IIUSA Day 2 (Congress, Markets, Securities, Impacts)

Additional notes from the IIUSA EB-5 Advocacy and Leadership Conference in Washington D.C. April 12-14…

Congressional Update
We heard from three members of Congress: Senator Ron Johnson (R-WI), Hon. Zoe Lofgren (D-CA19), and Hon. Darrell Issa (R-CA49). Senator Johnson encouraged us to fight the cultural tendency to cartoonishly villainize business and success, but he didn’t seem as eager to support the immigrant part of immigrant investment. As chair of the Senate Homeland Security and Government Affairs Committee, he has formulated a strategic plan that is all about securing borders and defending against threats, with no bullet points related to the welcome mat aspect of immigration. Lofgren and Issa did promise to support Regional Center Program reauthorization, with changes, and referred back to their respective (now dusty) IDEA Act and Skills Act proposals. Lofgren and Issa agreed that the qualifying investment amount needs to be increased and that it would be nice, if tough, to increase the visa cap. IIUSA’s advocacy panel discussed the climate in Congress generally and opined that program reauthorization is likely, but that it will likely be another extension rather than permanency, and will likely involve changes to the minimum investment amount, TEA process, and additional oversight provisions. Apparently the executive actions on immigration quelled Congress’ appetite to discuss immigration issues, especially across the aisle, and many members are unwilling to consider any other immigration measures until the executive action issues have been dealt with.
Markets Update
Panel discussions suggested that mainland China is still basically the only choice for large EB-5 capital raises (e.g. over about $20 million), because it’s the only country with infrastructure in place, though an increasing variety of other countries have supplied EB-5 investors in recent years. A change to the licensing procedure for migration agents in China has resulted in a proliferation of new agencies (over 2,000). However agencies dealing with immigration in China do still need to be licensed, and foreign parties cannot obtain such a license or legally do their own advertising or seminars in China. Provincial Entry & Exit associations continue to help oversee and organize migration agencies. The Guangdong association for example, provides training and screening and even publishes rankings for member agencies. The panel of representatives from Chinese migration agencies noted that the market for EB-5 investments in China is still strong, and that they do not anticipate demand reduction in response to the China EB-5 cut-off date or the possible increase to the EB-5 investment amount. For additional info on the China market, note recent posts on the Klasko Law Blog.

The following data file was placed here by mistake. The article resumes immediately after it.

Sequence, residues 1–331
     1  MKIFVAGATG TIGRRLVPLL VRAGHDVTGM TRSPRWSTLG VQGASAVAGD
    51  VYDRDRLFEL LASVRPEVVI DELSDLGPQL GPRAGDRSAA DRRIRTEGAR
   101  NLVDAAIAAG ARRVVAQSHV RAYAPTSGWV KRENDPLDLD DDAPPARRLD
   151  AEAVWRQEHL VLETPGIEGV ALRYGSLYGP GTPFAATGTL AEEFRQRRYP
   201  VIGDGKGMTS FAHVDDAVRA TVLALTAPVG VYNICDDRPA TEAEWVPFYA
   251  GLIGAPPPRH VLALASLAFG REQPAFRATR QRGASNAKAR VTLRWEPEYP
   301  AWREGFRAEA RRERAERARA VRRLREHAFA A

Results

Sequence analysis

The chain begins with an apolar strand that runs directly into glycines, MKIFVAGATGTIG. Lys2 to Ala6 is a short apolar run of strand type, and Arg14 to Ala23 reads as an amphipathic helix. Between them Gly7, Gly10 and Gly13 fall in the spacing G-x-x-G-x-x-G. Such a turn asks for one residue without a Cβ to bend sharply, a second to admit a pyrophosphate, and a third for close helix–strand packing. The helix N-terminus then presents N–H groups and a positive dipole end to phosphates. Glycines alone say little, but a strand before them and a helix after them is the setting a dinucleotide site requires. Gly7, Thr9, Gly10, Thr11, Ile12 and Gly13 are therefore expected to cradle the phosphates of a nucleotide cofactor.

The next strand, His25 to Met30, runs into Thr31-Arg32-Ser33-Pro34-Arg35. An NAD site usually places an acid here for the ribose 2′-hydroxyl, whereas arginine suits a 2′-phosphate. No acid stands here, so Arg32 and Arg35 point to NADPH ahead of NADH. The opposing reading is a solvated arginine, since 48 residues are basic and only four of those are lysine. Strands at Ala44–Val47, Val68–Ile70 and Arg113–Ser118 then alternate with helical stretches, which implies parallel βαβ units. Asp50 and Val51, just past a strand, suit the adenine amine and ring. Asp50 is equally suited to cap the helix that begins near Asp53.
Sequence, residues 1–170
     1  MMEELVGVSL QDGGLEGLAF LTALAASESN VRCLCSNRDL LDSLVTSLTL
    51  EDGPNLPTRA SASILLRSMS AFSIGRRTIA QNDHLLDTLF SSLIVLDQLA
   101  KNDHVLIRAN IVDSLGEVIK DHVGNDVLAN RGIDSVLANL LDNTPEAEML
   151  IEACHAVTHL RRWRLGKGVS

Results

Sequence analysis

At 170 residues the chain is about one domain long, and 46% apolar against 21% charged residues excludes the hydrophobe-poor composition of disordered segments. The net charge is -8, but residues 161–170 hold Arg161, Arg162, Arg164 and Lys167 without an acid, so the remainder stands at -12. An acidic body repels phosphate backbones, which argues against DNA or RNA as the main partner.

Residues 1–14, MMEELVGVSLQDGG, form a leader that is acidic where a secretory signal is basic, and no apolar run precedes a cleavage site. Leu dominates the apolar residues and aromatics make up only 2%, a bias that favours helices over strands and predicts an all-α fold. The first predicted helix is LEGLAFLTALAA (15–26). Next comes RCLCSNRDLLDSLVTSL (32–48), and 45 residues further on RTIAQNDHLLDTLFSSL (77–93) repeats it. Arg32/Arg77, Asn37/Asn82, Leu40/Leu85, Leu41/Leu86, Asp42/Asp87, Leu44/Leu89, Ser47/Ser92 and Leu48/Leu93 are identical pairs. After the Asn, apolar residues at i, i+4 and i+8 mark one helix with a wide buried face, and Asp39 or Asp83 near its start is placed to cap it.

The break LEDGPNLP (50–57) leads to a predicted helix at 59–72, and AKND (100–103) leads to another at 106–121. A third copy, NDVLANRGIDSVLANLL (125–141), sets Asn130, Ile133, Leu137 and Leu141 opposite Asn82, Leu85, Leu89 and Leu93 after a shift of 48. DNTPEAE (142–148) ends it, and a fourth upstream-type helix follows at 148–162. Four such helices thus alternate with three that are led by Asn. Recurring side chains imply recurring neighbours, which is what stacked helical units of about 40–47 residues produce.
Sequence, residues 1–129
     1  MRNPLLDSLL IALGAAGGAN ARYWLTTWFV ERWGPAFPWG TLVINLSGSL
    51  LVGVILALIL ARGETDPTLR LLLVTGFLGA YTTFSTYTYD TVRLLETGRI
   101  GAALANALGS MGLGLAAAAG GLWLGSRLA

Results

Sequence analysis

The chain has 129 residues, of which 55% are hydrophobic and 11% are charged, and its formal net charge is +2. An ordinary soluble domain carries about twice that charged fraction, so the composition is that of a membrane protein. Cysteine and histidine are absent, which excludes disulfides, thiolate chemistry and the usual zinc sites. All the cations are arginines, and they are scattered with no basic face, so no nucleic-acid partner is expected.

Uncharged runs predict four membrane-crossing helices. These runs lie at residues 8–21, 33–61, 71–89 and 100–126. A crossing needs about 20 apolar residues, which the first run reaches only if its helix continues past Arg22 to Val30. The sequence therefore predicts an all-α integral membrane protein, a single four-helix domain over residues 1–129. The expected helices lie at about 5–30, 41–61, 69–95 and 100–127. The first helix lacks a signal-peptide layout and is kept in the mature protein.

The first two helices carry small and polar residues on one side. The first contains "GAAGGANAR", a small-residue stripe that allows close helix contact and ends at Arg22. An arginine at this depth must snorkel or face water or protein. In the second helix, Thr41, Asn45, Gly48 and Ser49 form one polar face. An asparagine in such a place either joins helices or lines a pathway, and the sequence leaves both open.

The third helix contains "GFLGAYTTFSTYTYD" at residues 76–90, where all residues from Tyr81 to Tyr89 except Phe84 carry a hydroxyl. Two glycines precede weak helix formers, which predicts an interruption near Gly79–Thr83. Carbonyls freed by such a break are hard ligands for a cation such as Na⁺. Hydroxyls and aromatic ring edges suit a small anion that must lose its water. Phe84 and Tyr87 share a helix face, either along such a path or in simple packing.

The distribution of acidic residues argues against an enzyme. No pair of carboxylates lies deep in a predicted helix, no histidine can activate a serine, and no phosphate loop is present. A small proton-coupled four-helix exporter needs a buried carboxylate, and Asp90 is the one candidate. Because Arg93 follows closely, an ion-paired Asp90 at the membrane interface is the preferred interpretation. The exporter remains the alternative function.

Securities Law
If only the panel with Catherine DeBono Holmes, Michael Homier, Ozzie Torres, and Lili Wang had lasted another hour or so. Such timely and critically important information! Homeier discussed the SEC’s crackdown on receipt of broker fees by unlicensed persons. The SEC has reached settlement agreements with a number of attorneys (with an announcement naming 15-25 firms expected soon), and the likely next step is SEC cases against any Regional Centers that paid impermissible finders fees. Torres reminded the audience that our SEC panelist from the previous day basically said that there is no such thing as a finders exemption. (From my notes: C. Joshua Felker called the so-called finder’s exemption “a popular belief.” He stated that somebody called a “finder” is actually a broker assuming his activity matches the defined activity of a broker, and that foreign “finders” can only be compensated as such if they provide a name only and give no investment advice.) Of course attorneys can get paid for legal services, but they cannot get paid to refer a client to a Regional Center, and they’d be wise to generally avoid transaction-based compensation, which attracts SEC attention. The panelists discussed possible exemptions to broker-dealer registration and ways to involve broker-dealers in the process of selling EB-5 investments. For better summary than I can give of the securities law details, see Catherine DeBono Holmes’ articles on the Investment Law Blog. Here is the PDF copy of the booklet Regional Centers & Sponsors and U.S. Securities Laws that Cathy was giving away at the conference.
Economic Impact
IIUSA unveiled an economic impact study of EB-5 Regional Center investments from 2010 to 2013. The report was prepared by David Kay of the Alward Institute for Collaborative Science, and uses a comprehensive data set thanks to the FOIA process, which allowed IIUSA to obtain redacted copies of Form I-924a filings for all Regional Centers. I’ll link to the summary report and charts when IIUSA posts information. The short story is that during FY2013, spending associated with Regional Center investors contributed $3.58 billion to U.S. GDP and supported over 41,000 U.S. jobs. Not bad! The impact study breaks down impacts by spending category and by geography, down to the Congressional District level.

About Suzanne (www.lucidtext.com)
Suzanne Lazicki is a business plan writer, EB-5 expert, and founder of Lucid Professional Writing.

One Response to IIUSA Day 2 (Congress, Markets, Securities, Impacts)

  1. Thanks Suzanne! Deb and I were unable to attend and appreciate your advisories.

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